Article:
We used a mix of closed and open-ended questions because of the complexity of some topics (e.g., changes in political affiliation, self-identification terminology). Afterwards, two independent researchers coded participants’ responses to prepare for a quantitative data analysis. We were able to use the detailed descriptions and comments of the survey participants for an additional qualitative analysis. This allowed us to cite the respondents’ reasons and motivations for their political sentiments as well as how they self-identify politically and personally (e.g. atheist, secular-humanist, Marxist, etc.). While this survey is not statistically representative of the membership, it does include one-quarter of the foundation’s members and probes the political beliefs and attitudes of participants in this highly influential secularist organization. Judging from the organization’s website and related publications critical of religious beliefs (and the expression of religion in public), the Freedom From Religion Foundation members would appear to be largely atheistic as opposed to humanistic in nature. However, we found over 200 of their members self-identifying as secular humanist. On the other hand, while Free Inquiry magazine clearly embraces the secular humanist agenda, new atheists such as Richard Dawkins, Sam Harris, and Christopher Hitchens wrote for the publication before they became celebrated leaders of the movement.
We used a mixed-method approach for data analysis including textual analysis of Free Inquiry and statistical methods for the quantitative survey data. For the empirical analysis of the quantitative segment of our research we rely on a logistic regression model to be able to control for different covariates to reduce alternative explanations.
While there are other secularist publications that we could have chosen for our analysis, such as the American Atheist magazine, Free Inquiry magazine (from 2010 to 2016) clearly reflects the changes and history of secular humanism and how this movement differentiated itself from earlier forms of humanism that tended to embrace socialist economics and politics. Early on, the magazine sought to open its pages to those dissenting from the alliance between socialism and humanism, such as philosopher Sidney Hook, the mentor of founding editor Paul Kurtz. In 1989, an issue was devoted to the clash over libertarianism and socialism among secular humanists. (Free Inquiry 1989). The “open forum” approach on economic and political issues largely continues in the publication. Of the 41 articles we analyzed, 20 were categorized as “conservative,” libertarian, or critical of liberal or progressive economics and politics, 13 as liberal and critical of capitalism and conservative politics, and 8 as neutral, with no discernable political orientation. Two regular columnists, the late Tibor Machan and Ronald Bailey, are among the prominent libertarian scholars and writers, while Robert Price reflects a distinct politically conservative position. Other columnists, such as Greta Christina and Shadia Drury, come from the political and activist left. The magazine has revisited the libertarian-liberal (or socialist) debate several times, although it has reached little consensus on economic issues. Current editor Tom Flynn published articles in a special section entitled “The Left is Not Always Right,” where he acknowledges that while “unbelievers often lean left, secular humanism clearly has no necessary link between it and any particular social, economic, or political policy prescription” (Flynn 2013, 6). Worth noting is how Flynn traces the roots of postmodern philosophy, a school of thought strongly disavowed by secular humanists and other atheists for its “anti-reason” stance, to the political left. Drawing on the writings of Sidney Hook, he argues that Marxist-Leninism sought to limit science from its universal and objective standing to a form of knowledge subordinate to the ideologies characteristic of each nation and class (Flynn 2013, 6). Marxist ideas inspired noted postmodern philosophers, such as Michel Foucault and Jacques Lacan, and paved the way for postmodernism’s “cluster of ideologies that repudiated the Enlightenment, rejected the possibility of universal knowledge not colored by ideological or class biases, advanced an idiosyncratic understanding of power relations among social groups, promoted a divisive model of identity politics, and lionized an approach to multiculturalism that would disempower any one group to form legitimate judgments about another’s traditions” (Flynn 2013, 7).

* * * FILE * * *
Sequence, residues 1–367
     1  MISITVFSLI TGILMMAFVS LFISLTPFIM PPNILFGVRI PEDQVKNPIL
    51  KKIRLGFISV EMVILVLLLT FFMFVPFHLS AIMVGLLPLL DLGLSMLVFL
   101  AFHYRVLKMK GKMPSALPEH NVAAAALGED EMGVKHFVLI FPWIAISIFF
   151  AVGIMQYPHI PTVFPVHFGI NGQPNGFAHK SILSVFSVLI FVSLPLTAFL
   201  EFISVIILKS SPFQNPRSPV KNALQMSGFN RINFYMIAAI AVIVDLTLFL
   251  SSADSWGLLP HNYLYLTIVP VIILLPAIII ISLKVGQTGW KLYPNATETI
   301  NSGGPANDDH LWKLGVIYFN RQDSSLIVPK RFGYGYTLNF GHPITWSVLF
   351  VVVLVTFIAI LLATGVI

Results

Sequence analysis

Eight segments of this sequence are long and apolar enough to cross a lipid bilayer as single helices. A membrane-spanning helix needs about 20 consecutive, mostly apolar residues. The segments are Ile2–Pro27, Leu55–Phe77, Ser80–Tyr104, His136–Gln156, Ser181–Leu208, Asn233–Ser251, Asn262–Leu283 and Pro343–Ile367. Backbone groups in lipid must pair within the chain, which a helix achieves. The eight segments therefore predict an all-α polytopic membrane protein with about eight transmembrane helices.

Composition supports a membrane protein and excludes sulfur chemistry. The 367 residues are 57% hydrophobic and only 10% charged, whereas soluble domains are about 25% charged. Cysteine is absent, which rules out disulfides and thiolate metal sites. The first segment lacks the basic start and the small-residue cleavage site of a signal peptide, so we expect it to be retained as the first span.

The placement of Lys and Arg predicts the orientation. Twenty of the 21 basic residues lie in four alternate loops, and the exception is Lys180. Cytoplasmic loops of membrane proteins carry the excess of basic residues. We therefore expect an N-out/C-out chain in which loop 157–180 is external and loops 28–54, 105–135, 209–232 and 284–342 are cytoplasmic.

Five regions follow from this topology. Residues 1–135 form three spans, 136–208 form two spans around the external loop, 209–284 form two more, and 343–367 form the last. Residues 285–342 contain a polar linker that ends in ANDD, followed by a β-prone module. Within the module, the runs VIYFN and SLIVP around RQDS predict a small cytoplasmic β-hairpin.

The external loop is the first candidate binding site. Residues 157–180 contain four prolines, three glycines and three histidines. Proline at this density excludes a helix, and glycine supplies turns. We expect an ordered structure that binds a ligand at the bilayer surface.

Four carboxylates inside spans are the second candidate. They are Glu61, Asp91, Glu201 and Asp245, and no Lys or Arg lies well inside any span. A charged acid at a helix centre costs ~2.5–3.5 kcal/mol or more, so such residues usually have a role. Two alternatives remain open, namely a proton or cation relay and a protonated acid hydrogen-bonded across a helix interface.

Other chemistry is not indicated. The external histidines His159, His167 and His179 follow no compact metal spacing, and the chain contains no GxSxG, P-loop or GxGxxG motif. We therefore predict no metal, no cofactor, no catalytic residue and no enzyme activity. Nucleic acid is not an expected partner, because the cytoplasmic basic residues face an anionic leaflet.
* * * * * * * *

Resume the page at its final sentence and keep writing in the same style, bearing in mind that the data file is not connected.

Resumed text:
We found no articles in Free Inquiry that employed the Marxist critique of religion that links religion, like all ideology, to maintaining an oppressive society and economic system and only a few that cast a critical eye on capitalism. On the political level, during the 2016 election season, only one article favorably focused on Bernie Sanders, even though Sanders was the most secular candidate and highly favored by secularists (Drury 2016), a point our survey confirms.
We did find new atheist polemicist P.Z. Myers calling for a “third wave” of atheism that would uphold progressive politics and social justice (Myers 2012). Myers’s joining of social justice concerns with atheism is part of a larger debate in secularist circles about the role of feminism and progressive politics within the movement. This is clearly on display in Free Inquiry, with special issues devoted to women and atheism. But most of the articles on feminism we analyzed tended to focus on fighting sexism and pressing for greater inclusion and leadership within secularist organizations. The reform movement Atheism + also includes “social justice” in its platform, including sexism, racism, political and criminal reform, and classism or the promotion of greater economic equality, even if in vague terms (Christina 2014). But these movements have faced opposition, at least rhetorically, within the broader secularist movement.